Maui is a top snorkeling destination, thanks not just to the incredible displays of marine life, but also the sheer number of beaches that are good to snorkel at.
The west-facing coast teems with fish and corals, and, protected by other islands, avoids the worst of the coastal swells.
But that doesn’t mean you can just jump in the water anywhere on Maui and expect to see a turtle. Here are our favorite beaches on Maui for snorkeling!
The 10 Best Beaches On Maui For Snorkeling
Honolua Bay is perhaps better known as a surf spot, but when the waves are quiet, the snorkeling comes alive. Look for established coral reef formations, Hawaiian sea turtles, and passing schools of tropical fish.
Honolua Bay is a rocky beach, rather than a sandy beach, so entrance can be tricky. Enter slowly, and use the boat ramp at the right of the beach. The views under the water more than make up for the awkward entry.
In winter, Honolua Bay is visited by strong swells that render swimming impossible. Snorkeling is only safe in summer, when the conditions calm down.
Protected by large rock formations stretching out into the sea, the water at Kapalua Bay can sometimes be as still as a swimming pool.
These lava rock protrusions also add to the excellent snorkeling experience. Take a look around for a chance to see needlefish, parrotfish, and even the humuhumunukunukuapua’a!
The best entry is to the right-hand side of the beach, where the sandy slope avoids the delicate coral. Once you’ve finished exploring the water, the cushioned sands at Kapalua Bay are an excellent place to relax.
A trip to Kahekili Beach is an easy choice for snorkelers. Just a stone’s throw from Ka’anapali Beach, it’s easy to visit, easy to explore, and it’s easy to discover colorful fish beneath the surface!
The sand at Kahekili slopes gently into the water, and the reef sits just back from the shoreline.
Kahekili Beach is also known as airport beach, as planes to West Maui used to land here before Kapalua Airport was built. No planes land on the sand anymore, but the name has stuck!
Ka’anapali Beach And Black Rock Beach
Fronting many of Maui’s most popular resorts, you can expect to find the crowds at Ka’anapali Beach. Families flock here, thanks to the soft sand, clear waters, and numerous conveniences within walking distance.
The best snorkeling at Ka’anapali Beach is at Black Rock, to the north end of the beach. Snorkel close to the rocks for a chance to see trumpetfish, butterfly fish, and maybe even the blacktip reef shark!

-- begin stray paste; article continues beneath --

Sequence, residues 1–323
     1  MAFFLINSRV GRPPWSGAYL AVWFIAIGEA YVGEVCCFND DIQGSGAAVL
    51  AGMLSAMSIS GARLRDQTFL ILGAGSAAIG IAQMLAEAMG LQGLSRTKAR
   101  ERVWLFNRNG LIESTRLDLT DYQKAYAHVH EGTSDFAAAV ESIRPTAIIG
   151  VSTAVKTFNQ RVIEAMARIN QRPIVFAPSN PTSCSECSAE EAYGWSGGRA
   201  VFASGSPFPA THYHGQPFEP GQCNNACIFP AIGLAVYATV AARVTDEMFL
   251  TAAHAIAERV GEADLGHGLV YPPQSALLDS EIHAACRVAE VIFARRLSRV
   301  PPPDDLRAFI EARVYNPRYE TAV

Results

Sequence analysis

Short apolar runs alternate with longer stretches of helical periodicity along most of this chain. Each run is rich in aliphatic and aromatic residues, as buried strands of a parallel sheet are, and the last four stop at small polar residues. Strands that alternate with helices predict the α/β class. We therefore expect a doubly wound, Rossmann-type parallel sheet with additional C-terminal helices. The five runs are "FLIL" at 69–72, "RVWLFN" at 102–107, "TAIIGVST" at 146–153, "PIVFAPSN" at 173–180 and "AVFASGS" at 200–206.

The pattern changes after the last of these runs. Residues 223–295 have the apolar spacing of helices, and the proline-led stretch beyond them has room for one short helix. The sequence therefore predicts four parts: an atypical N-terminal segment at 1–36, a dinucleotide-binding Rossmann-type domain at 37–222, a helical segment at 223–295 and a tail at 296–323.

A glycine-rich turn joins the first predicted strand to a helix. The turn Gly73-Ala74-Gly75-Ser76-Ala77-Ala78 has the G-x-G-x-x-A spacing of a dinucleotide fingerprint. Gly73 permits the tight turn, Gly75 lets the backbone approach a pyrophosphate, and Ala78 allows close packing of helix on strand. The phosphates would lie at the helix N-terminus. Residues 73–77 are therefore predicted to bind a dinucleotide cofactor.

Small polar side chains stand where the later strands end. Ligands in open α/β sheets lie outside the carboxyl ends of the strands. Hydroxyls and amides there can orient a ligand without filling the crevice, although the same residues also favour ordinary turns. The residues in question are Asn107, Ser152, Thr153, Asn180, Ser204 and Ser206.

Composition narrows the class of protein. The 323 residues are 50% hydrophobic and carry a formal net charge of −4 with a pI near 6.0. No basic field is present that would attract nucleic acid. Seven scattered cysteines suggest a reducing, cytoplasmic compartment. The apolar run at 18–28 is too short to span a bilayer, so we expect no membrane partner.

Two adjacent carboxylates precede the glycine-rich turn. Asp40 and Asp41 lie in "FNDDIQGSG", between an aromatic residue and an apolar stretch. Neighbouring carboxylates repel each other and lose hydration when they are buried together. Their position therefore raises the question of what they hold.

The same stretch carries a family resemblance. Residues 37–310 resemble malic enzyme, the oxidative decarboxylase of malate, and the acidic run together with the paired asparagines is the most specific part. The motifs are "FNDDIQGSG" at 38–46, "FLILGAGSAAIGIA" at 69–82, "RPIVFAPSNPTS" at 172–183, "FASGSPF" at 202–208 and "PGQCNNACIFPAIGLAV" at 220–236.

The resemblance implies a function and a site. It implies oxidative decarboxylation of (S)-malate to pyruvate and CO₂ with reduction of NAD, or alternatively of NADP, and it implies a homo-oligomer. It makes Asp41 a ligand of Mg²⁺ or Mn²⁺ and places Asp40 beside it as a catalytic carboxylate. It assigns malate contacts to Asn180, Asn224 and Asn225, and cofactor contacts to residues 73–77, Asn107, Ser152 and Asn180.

But watch out for cliff jumpers—thrill seekers love to leap from Black Rock itself.
Olowalu Beach, otherwise known as Mile Marker 14, is a long coastal stretch just south of Lahaina. Snorkelers come to Olowalu because of the easy accessibility of the reef.
As soon as you step into the water, the reef is waiting for you.
Olowalu Beach isn’t ideal if you want to actually enjoy the beach itself. There’s limited sand, and the road runs right behind the beach.
However, as the reef comes almost up to the shore, it’s an excellent spot for easy snorkeling. Enter near Mile Marker 14, for a slight break in the reef.
Mokapu And Ulua Beach
Mokapu Beach is considered to be the first real beach of Wailea, and it’s joined via a coral reef outcrop to Ulua Beach next door.
Both beaches offer excellent snorkeling, particularly around this coral formation. Smaller Ulua tends to have better marine life, but Mokapu is more convenient.
Avoid the decision by swimming from one to the other, and spying the fish along the way!
Convenience wins at Wailea Beach, which is why it’s one of our top choices for snorkeling! You can find better diversity elsewhere on the South Maui coast, but few beaches compare to the ease of a trip to Wailea Beach.
Visit as early as possible, for a quieter beach, and quieter currents.
Wailea Beach may not have the thriving wildlife of other areas along the coast, but there’s still a decent amount to see. And when you’re done in the water, you can retreat to a spectacular beachfront.
5 Caves/5 Graves
5 Caves, otherwise known as 5 Graves, is a small beach with advanced snorkeling.
It’s quite a swim to the best snorkeling areas, so we only recommend 5 Caves to advanced snorkelers with strong swimming abilities.
Although it isn’t an easy spot, don’t let the name put you off! 5 Graves is a reference to a nearby graveyard, rather than a comment on the water conditions.
As well as marine life, 5 Caves is notable for the fascinating coral and rock formations.
Maluaka Beach in Makena is better known for its famous offshore neighbor. Off the coast of Maluaka is a destination known as Turtle Town, a reef famous for its abundance of, you guessed it, Hawaiian sea turtles.
If it’s Turtle Town you’re after, the best way to visit is via a boat trip. However, nearby Maluaka Beach is good for snorkelers who like easy access to dry land.
The turtles do visit regularly, and the sandy entry makes it a convenient beach to visit.
Ahihi-Kinau Natural Area Reserve
As part of the natural area reserve, the sea life at Ahihi-Kinau is protected from boating and fishing. This allows for an incredible diversity, and the fish here are often bigger than elsewhere on Maui.
Lucky visitors might be able to see dolphins and monk seals, although snorkelers should keep a safe distance for the safety of the animals.
There isn’t a sandy beach at Ahihi-Kinau Reserve, and be careful when entering the bay so as not to damage the reef.
The beaches of West and South Maui are generally excellent for snorkeling, although these 10 are our top picks.
Arguably the best snorkeling spot on Maui isn’t a beach at all! Molokini crater is an offshore islet that teems with sea life and has incredible visibility.